CORK-born artist Sandra Hickey recently fulfilled a dream.
She went from being a lifelong lover of Dutch painter Vincent Van Gogh’s work, to one of 125 artists from over 20 countries chosen out of 5,000 applicants to work on the Academy Award nominated film, Loving Vincent; the first ever fully painted feature film.
A Polish production released in 2017, Loving Vincent — which has recently been released on Netflix and DVD — explores the tragic last days of Van Gogh’s life and asks the question: was the gun-shot he died from self-inflicted or was someone else involved?
To bring their unique 95- minute feature debut to life, creators Dorota Kobiela, a Polish painter, and British animator Hugh Welchman spent two weeks shooting scenes, mostly against green screens, with actors Douglas Booth, Saoirse Ronan, Chris O’Dowd and Helen McCrory amongst others.
They then set about finding a group of painters who would paint the 65,000 oil paintings on canvas in Van Gogh’s unique style, which would make up each of the films 65,000 frames.
Partially funded at the time through a Kickstarter campaign, the filmmakers sent a call out across the internet looking for oil painters, and thanks to her brother Brendan this call landed on Sandra’s Facebook page.
Having completed her Masters of Fine Art in Painting at the National College of Art & Design in 2013, Sandra was 29 (a year older than Van Gogh when he started painting). She was still living in Dublin at the time, working on her own paintings but paying the bills by working in retail because, “art jobs are hard to come by”.
Sandra quickly sent her digital portfolio to the production team and received a call to travel to Poland where applicants had to first produce a short animation.
Having passed this stage she was trained for three weeks to paint in the style of Vincent Van Gogh. She was successful and picked to join the production team.
Sandra spent six months in Gdansk, Poland, working with 87 other artists. There were also artists working on the movie in Athens, Greece and Rowsclaw, Poland. Interestingly, in an industry normally dominated by men, 61% of Loving Vincent painting animators were women.
Each artist worked predominantly by themselves in separate PAWS (Painting Animation Work Stations).
“We had our canvas, paint, monitor and camera but we had the images and animation of the artist that was working on the scene before yours,” Sandra explains. “So you had to use the same colours, mixing them up under a different light, and you had to use exactly the same brush strokes as the artist before you and, of course, the exact same brush strokes as Vincent Van Gogh.
“This way the animation would run smoothly and you wouldn’t be able to tell that there were 125 artist hands at work but just one”.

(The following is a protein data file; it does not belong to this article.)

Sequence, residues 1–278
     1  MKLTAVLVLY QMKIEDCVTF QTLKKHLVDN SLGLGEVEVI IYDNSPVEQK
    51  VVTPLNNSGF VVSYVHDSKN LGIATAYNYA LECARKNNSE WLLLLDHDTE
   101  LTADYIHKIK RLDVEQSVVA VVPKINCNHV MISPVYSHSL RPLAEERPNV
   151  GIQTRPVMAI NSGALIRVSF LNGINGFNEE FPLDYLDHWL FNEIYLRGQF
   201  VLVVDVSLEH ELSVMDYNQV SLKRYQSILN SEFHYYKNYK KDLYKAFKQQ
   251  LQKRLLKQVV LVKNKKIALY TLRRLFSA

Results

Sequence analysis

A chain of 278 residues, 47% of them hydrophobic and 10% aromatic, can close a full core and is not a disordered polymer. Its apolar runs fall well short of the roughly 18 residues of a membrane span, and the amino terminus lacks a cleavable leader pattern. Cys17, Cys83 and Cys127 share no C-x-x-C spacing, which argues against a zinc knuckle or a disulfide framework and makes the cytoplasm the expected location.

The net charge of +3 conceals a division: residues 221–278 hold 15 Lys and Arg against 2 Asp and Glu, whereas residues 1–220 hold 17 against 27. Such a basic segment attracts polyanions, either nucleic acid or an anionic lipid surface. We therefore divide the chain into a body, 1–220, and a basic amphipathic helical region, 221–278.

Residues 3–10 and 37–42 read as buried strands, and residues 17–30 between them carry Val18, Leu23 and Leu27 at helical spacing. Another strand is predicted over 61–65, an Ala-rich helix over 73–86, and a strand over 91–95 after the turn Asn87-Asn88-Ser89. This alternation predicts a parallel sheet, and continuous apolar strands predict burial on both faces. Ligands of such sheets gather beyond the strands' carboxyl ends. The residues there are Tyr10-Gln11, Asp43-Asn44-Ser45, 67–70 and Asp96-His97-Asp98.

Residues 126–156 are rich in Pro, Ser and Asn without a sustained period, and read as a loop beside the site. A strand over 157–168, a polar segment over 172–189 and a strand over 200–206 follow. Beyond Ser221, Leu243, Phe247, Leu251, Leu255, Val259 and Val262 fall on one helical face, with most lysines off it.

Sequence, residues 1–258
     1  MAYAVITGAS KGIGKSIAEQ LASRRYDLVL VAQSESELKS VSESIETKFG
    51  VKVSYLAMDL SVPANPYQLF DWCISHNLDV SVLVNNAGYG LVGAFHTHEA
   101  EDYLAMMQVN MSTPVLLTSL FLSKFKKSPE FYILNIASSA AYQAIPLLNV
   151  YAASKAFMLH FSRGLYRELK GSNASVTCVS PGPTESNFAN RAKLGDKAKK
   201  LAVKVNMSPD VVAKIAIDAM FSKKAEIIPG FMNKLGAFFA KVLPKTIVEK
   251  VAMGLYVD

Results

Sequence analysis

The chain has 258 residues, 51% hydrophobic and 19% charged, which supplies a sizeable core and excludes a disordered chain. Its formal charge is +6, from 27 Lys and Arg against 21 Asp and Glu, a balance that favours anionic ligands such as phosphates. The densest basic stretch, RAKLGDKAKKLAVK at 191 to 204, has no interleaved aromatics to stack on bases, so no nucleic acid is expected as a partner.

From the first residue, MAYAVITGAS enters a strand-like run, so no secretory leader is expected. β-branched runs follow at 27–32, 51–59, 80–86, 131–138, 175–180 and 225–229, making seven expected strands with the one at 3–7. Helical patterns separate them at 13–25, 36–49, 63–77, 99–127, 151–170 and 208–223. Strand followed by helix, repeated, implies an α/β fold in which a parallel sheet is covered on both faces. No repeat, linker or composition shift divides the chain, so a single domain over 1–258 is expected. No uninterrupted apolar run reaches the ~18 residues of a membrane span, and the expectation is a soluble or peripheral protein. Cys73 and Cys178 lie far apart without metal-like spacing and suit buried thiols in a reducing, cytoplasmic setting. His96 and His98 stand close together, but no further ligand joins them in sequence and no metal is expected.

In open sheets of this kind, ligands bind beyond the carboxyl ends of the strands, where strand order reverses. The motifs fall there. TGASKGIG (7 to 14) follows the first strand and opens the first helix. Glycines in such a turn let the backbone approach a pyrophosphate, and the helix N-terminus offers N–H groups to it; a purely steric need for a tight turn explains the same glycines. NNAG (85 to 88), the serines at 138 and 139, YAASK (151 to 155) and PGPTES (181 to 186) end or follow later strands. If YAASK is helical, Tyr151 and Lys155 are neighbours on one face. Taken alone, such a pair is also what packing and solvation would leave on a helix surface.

When Sandra finally saw the completed product first at a painters premiere in Wroclaw, Poland, and again at the London premiere, where composer Clint Mansell’s (Requiem for a Dream, Black Swan) score was added, she admits: “It was amazing to see your scenes and all the other artists’ scenes up on the big screen. We had envisioned how our brushstrokes would look on a giant screen but seeing it was another thing. Each brushstroke is massive on the screen. It was a very proud and humbling experience. I couldn’t believe I could be part of something so wonderful, that my paintings would be part of something so beautiful.”
Loving Vincent uses 94 of the artist’s paintings as the film’s settings and features 12 paintings per second, which means that every second of footage shown took over a week to create.
Since its release, the groundbreaking film has grossed over an estimated $30.5 million worldwide on a budget of $5.5 million. Closer to home it is the most successful film ever shown at the Triskel Christchurch Cinem.
Born in Knocknaloman on the Cork/Kerry border, Sandra studied Art, Craft & Design at St John’s College in Cork before advancing to get her degree in Fine Art — Painting at the Limerick School of Art & Design and her MA in Dublin.
Sandra, whose favourite artists include Roderic O’Conor, Jenny Saville, Francis Bacon, Lucian Freud and Vincent Van Gogh, admits she has painted and drawn for as long as I can remember.
“Painting has a hold on me like no other, it possesses the ability to both calm and torment a soul in equal measures and I wouldn’t want to be without it. It’s the only thing I’ve ever been sure of... art and creating is something I couldn’t live without.”
Sandra has been living back in Cork for over a year. She is currently preparing for a solo show at St. Peter’s, Cork, in May of next year and she recently received word that one of her paintings had been selected for the Royal Ulster Academy exhibition, running this month at the Ulster Museum, Botanic Gardens, Belfast.